(2) It was necessary and proportionate to anonymise the applicant as AQA, hold the hearings in private, and to seal the court record under CPR rule 5.4C. Personal service would be dispensed with, under CPR Part 81, and all correspondence and service would be by email only. The Spycatcher principle would apply.

(3) AQA’s Article 8 rights manifested in her personal, private and sexual life; the threat to her continued practice of her occupation (although she was currently unemployed); her relationship with her son, who had special needs and was due to get his GCSE results the same day as her testimony at the inquest; and her son’s independent Article 8 rights. Although the media’s Article 10 rights and Open Justice were important, the very limited scope of the restrictions (surname, occupation and address) meant that Open Justice could be served without ‘disembodying’ reports of the proceedings, or interfering with AQA’s Article 8 rights.

(4) In all the circumstances, it was just and convenient to grant a privacy injunction against reporting the surname, occupation and address of the witness to coroners’ court proceedings, as long as her evidence itself was reported.

(5) Although impecunious, and likely to put the media to cost as well, it was important that injunctions were linked to Claim Forms, for filing and administrative purposes, especially if the order was varied or discharged upon application. The applicant would be required to undertake to issue proceedings, but the time would be extended to 48 hours from grant of the injunction (rather than ‘immediately’).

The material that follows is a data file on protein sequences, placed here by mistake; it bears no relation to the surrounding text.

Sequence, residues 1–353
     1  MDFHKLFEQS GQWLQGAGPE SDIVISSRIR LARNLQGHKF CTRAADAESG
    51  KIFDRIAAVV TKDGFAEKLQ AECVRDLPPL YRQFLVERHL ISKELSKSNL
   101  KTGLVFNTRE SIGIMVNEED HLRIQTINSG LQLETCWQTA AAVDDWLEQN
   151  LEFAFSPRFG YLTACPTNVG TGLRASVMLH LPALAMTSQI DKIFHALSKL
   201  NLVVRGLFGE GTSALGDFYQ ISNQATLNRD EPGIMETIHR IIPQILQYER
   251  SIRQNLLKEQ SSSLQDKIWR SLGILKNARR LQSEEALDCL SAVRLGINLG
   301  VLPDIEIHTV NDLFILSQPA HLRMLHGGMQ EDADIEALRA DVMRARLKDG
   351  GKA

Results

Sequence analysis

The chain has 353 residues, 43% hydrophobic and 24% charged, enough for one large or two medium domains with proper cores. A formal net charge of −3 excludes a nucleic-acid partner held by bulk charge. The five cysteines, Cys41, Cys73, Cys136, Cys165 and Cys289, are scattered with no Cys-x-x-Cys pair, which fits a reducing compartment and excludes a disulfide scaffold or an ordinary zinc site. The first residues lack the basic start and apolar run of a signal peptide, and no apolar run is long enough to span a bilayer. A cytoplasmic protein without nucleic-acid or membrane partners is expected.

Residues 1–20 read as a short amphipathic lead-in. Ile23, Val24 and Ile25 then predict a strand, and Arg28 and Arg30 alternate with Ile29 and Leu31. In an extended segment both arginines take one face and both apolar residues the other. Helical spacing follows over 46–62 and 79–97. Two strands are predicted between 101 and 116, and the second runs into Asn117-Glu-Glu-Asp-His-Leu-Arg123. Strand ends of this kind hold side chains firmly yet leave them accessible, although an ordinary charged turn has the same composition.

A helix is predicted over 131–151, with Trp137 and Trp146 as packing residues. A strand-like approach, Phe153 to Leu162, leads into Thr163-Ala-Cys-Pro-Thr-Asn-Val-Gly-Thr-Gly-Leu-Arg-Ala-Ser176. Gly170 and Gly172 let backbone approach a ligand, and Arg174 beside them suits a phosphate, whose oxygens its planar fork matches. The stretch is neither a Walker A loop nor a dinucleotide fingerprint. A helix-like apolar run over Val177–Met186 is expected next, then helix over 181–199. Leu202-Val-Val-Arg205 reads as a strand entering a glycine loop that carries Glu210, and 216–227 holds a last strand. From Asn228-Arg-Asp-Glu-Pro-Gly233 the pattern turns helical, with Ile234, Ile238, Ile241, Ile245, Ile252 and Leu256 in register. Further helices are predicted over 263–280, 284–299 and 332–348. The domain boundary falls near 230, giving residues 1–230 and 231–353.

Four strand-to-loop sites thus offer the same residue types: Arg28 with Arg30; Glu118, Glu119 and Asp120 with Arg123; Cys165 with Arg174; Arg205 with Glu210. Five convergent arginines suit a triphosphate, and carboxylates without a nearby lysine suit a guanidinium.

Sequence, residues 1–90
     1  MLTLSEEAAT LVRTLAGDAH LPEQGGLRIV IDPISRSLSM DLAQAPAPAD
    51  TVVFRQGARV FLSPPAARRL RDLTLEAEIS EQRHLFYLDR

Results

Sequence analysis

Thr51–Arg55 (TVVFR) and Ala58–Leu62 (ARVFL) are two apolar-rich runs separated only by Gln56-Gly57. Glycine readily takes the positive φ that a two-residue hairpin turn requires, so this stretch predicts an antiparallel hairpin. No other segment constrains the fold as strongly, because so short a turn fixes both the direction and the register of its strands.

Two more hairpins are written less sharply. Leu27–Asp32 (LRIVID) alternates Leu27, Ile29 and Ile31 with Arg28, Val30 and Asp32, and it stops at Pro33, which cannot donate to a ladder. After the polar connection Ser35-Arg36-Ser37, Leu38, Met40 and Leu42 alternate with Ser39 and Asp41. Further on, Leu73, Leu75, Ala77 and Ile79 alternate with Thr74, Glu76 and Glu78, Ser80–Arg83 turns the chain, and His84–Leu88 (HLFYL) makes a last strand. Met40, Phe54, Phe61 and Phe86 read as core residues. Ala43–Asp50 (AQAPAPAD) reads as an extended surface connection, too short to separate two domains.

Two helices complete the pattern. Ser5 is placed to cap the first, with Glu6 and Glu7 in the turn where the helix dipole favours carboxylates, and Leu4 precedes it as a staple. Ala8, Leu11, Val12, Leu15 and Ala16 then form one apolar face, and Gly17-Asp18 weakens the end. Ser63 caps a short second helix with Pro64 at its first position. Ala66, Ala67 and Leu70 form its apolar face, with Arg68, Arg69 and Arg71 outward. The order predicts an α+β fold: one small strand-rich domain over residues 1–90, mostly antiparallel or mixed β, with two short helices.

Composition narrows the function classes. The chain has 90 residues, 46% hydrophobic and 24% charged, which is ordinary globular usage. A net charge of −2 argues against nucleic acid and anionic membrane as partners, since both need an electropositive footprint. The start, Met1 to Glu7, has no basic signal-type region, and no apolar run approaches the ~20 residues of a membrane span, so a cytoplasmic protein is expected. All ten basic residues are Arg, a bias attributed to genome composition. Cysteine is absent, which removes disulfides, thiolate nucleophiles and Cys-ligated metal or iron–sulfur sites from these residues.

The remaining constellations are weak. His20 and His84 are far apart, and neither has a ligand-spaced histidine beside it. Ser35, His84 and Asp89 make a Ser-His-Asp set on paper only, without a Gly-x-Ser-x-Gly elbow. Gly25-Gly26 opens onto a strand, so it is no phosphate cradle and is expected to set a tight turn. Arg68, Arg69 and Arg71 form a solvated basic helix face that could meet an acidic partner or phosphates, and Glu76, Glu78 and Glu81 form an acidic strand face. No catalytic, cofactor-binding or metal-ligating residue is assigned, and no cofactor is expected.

A rare case where it was held appropriate to restrain media respondents to a privacy injunction on a without-notice basis, although with a very short Return Date (at which the media sent written submissions, but did not oppose continuation of the order). The Master of the Rolls’ Practice Guidance [2012] 1 WLR 1003 at [22] makes clear it will be in only exceptional cases that this will be allowed in respect of major media organisations.

Also one of only a handful of cases where witnesses have been anonymised for purely Article 8 reasons (as opposed to Article 2 reasons): see also Invereigh v Associated Newspapers [2008] EWHC 339 (QB) and R (ex parte Associated News) v Lord Justice Leveson [2012] EWHC 57 (Admin)). The authorities (R v Davies [2008] UKHL 32 at [21]) make clear it would be much harder to do in adversarial (especially criminal) proceedings than in inquisitorial proceedings such as an inquest or public inquiry. The only authority where quasi-privacy rights had been relied upon under the common law A-G v Leveller exception was in R v Hove Justices (ex parte Gibbons), Gibson J in the Divisional Court, The Times, 19 June 1981.

The Senior Coroner, Geoffrey Sullivan, subsequently considered the matter, and withheld from the hearing and disclosure the confidential information protected by the High Court injunction. However, in light of that injunction, he considered it was not necessary to make any Reporting Restriction Order under s.11 Contempt of Court Act 1981.